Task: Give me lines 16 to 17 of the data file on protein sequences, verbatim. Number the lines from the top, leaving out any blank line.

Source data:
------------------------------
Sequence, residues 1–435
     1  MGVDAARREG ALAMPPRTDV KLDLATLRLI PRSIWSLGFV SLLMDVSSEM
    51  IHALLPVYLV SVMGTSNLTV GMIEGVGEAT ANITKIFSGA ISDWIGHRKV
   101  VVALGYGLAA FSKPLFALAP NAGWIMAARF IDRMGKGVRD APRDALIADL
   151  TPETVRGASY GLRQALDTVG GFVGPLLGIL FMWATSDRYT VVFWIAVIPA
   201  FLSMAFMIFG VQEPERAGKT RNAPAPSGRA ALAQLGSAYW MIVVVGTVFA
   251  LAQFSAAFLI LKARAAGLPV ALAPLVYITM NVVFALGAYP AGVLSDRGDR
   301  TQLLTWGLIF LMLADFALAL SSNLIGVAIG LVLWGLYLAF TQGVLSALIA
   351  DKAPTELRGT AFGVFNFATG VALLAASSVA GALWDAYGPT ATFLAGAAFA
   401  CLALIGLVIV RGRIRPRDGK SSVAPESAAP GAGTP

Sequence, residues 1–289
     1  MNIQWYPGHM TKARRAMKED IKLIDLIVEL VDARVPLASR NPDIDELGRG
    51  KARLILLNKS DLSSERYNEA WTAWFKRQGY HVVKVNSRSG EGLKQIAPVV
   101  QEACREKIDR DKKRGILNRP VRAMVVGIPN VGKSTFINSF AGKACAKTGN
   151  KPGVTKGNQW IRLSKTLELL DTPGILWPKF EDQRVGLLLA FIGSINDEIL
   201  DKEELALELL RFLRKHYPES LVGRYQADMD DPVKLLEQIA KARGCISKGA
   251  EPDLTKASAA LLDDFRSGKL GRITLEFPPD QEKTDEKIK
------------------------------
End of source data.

   201  DKEELALELL RFLRKHYPES LVGRYQADMD DPVKLLEQIA KARGCISKGA
   251  EPDLTKASAA LLDDFRSGKL GRITLEFPPD QEKTDEKIK